AS the Morrison government thrashes around trying to stave off defeat or just save the furniture, it reminds one historian of the ill-fated McMahon administration. The run up to the Coalition’s 1972 ousting is detailed […]
SEVERAL decades ago I commented that the then government had spent a million dollars to turn Civic Square from a grey Stalinist square to another grey Stalinist square.
Not much was achieved. In the decades that followed there has been more expenditures to deliver today a very boring space surrounded by a mix of not-so-good architecture.
Last month the City Urban Authority announced that a design team is to develop a plan for the future of Civic Square and the surrounding cultural precinct. According to the authority’s website, “the plan will focus on improving connectivity and increasing the overall cultural offering for the precinct, including public realm improvements, early interventions, pop-up opportunities and flexible and adaptable spaces that can serve a wide variety of community needs throughout the year.”
Exciting stuff with all sorts of vibrancy promised. Can’t wait!
I suggest that the Canberra Museum and Gallery should be elsewhere in a specially built building, with more useable spaces and much easier access by locals and tourists. But seriously, do we really need a civic square? This need to revamp Civic Square may be important to politicians but to most what happens on this site would be irrelevant. Melbourne spent decades debating the future of its City Square on Swanston Street. Last time I saw the site it had been demolished to make way for a railway station.
This push for a revamp is a distraction from the more pressing urban issues around Civic and ignores the cultural needs of the rest of the city.
While the former National Capital Development Commission (NCDC) did well in allowing for community sites (now being squandered by this government), it did not deliver arts facilities in the town centres. Most arts facilities have been the result of time-consuming advocacy – not because ACT governments had a plan to deliver arts complexes to established and new major centres. Governments continue to lack the awareness of the community benefits that flow from having access to local arts activities offered through a local arts complex. We rarely see ACT arts ministers who passionately appreciate the arts. I think Bill Wood (MLA from 1989-2004) may have been the last.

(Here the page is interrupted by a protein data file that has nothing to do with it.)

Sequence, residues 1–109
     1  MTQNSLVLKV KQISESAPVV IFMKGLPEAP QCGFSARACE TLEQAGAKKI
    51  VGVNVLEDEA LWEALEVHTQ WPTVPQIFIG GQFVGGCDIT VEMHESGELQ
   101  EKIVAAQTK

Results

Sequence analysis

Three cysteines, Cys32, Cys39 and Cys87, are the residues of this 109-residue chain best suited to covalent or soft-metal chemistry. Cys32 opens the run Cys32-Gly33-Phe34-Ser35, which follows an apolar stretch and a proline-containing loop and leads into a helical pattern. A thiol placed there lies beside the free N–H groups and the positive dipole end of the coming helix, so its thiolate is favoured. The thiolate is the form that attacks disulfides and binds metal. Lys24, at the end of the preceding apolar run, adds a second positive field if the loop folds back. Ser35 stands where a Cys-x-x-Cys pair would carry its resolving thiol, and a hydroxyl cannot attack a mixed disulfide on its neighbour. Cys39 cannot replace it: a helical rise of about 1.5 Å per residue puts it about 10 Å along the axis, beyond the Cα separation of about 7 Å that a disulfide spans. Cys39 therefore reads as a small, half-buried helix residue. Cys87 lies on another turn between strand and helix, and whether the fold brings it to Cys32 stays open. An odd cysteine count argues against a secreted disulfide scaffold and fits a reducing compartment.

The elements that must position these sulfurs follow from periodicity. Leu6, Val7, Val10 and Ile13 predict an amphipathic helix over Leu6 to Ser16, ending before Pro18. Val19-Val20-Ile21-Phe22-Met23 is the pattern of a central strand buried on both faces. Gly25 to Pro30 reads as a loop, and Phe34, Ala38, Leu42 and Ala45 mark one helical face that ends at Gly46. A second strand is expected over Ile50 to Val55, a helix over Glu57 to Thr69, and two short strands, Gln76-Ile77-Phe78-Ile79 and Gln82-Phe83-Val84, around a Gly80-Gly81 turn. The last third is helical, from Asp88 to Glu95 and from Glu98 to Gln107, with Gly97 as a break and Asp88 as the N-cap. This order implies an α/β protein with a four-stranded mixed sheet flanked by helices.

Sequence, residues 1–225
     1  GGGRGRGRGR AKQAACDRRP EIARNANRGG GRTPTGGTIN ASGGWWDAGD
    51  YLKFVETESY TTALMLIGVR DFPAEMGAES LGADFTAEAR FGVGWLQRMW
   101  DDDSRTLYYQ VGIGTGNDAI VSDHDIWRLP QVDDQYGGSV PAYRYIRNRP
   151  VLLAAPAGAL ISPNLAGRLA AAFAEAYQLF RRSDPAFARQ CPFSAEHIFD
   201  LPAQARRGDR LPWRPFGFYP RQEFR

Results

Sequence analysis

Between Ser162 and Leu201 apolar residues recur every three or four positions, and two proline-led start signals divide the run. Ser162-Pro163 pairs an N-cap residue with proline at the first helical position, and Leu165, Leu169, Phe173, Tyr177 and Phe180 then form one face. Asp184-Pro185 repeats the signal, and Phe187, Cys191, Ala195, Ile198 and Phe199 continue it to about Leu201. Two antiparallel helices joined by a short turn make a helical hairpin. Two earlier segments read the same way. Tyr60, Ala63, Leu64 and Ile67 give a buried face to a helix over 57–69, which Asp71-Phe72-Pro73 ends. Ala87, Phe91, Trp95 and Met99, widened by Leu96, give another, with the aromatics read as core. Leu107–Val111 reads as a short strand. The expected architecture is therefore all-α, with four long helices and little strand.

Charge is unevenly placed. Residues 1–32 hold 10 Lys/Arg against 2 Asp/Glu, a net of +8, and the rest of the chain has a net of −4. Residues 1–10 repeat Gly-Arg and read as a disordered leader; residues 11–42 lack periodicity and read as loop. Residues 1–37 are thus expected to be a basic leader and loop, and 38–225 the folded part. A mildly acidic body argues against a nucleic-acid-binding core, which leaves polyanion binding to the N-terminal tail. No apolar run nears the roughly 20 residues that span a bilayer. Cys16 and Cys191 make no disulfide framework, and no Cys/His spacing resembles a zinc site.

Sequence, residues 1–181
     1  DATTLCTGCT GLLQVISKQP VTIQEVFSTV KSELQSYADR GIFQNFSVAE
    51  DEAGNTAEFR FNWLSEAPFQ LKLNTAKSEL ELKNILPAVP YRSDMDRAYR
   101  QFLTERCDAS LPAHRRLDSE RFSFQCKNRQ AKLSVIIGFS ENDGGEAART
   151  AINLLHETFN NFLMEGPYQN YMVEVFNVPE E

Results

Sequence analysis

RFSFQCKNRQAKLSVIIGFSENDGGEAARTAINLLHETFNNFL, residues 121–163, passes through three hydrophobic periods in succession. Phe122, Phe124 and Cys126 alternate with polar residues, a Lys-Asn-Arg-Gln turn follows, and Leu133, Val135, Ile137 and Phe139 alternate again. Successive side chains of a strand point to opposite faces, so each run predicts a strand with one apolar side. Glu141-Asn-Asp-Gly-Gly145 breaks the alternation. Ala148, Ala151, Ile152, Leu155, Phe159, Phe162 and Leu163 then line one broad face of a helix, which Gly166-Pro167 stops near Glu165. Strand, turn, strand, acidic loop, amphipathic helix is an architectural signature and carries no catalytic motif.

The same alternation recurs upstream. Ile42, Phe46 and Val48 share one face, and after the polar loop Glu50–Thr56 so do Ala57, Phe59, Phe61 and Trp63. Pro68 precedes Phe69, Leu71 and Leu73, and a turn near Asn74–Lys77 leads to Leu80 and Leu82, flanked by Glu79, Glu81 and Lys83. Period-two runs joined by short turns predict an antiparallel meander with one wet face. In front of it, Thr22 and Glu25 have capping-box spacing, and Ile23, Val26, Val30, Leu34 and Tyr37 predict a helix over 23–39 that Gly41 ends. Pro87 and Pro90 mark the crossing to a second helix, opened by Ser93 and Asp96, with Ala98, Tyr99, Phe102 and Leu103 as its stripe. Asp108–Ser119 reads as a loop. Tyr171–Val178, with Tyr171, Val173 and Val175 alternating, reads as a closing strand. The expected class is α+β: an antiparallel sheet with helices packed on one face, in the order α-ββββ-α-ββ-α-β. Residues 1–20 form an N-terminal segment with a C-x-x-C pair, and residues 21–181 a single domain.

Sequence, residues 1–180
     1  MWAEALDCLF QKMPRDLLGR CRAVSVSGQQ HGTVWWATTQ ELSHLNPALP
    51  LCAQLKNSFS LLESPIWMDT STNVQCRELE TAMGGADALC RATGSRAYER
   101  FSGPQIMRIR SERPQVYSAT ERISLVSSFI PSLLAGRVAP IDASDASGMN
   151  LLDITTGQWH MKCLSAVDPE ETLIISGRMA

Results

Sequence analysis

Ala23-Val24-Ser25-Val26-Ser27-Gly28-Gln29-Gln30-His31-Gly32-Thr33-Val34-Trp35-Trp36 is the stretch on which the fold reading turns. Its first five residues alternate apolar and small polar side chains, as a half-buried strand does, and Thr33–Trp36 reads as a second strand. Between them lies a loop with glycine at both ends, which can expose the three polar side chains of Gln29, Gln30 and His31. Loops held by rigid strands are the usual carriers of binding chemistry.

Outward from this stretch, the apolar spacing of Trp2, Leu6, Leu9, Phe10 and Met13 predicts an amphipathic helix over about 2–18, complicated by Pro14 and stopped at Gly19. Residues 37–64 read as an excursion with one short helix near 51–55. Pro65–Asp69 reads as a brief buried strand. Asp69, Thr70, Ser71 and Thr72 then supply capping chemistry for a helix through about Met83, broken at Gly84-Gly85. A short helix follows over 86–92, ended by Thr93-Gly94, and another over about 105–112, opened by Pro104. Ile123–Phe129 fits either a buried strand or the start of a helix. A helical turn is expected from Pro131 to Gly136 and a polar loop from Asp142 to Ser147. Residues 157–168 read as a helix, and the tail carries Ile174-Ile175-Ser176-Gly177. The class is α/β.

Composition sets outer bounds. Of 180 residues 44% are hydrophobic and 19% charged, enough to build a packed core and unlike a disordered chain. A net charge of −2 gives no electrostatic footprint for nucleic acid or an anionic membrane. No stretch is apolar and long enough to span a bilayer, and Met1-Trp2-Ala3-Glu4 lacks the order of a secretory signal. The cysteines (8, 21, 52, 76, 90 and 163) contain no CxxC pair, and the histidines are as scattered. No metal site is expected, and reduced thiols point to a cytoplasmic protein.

Central Belconnen has recently moved to having a reasonable arts centre with the upgrades to the Belconnen Arts Centre (big tick to whoever won that). Tuggeranong has its arts centre but it is small given the population of Tuggeranong. By now Gungahlin, West Belconnen, Weston, Woden, South Canberra and Dickson should all have been resourced with arts centres.
For comparison, in 2000 the Sutherland Shire in the south of Sydney opened Hazelhurst, a fabulous arts centre. Just after it opened, I asked the then director if there had been a champion on the local council. Yes, there was. A dedicated team researched the needs, toured other arts centre, worked out the best options, identified sources of funds and came up with this fantastic model. Hazelhurst is much loved and is always busy. For anyone who wants to know what should be repeated across Canberra at least six times, visit Hazelhurst and tour the facilities. You will be jealous.
Instead of all the attention and money constantly being focused on Civic Square and inner-city facilities, it is time to look to having a range of arts facilities throughout the city. This is exactly what Woden has been seeking for over a decade now – and still there are no such facilities being planned (do we still do planning?).
We need a champion. We need to elect politicians who get the arts, know what benefits of participating in the arts do for locals and are prepared to not take no for an answer. Too optimistic? In the interim wouldn’t it be wonderful to see some planning for suburban art complexes. Why not start with one in Woden – and maybe another on the Dickson Parklands.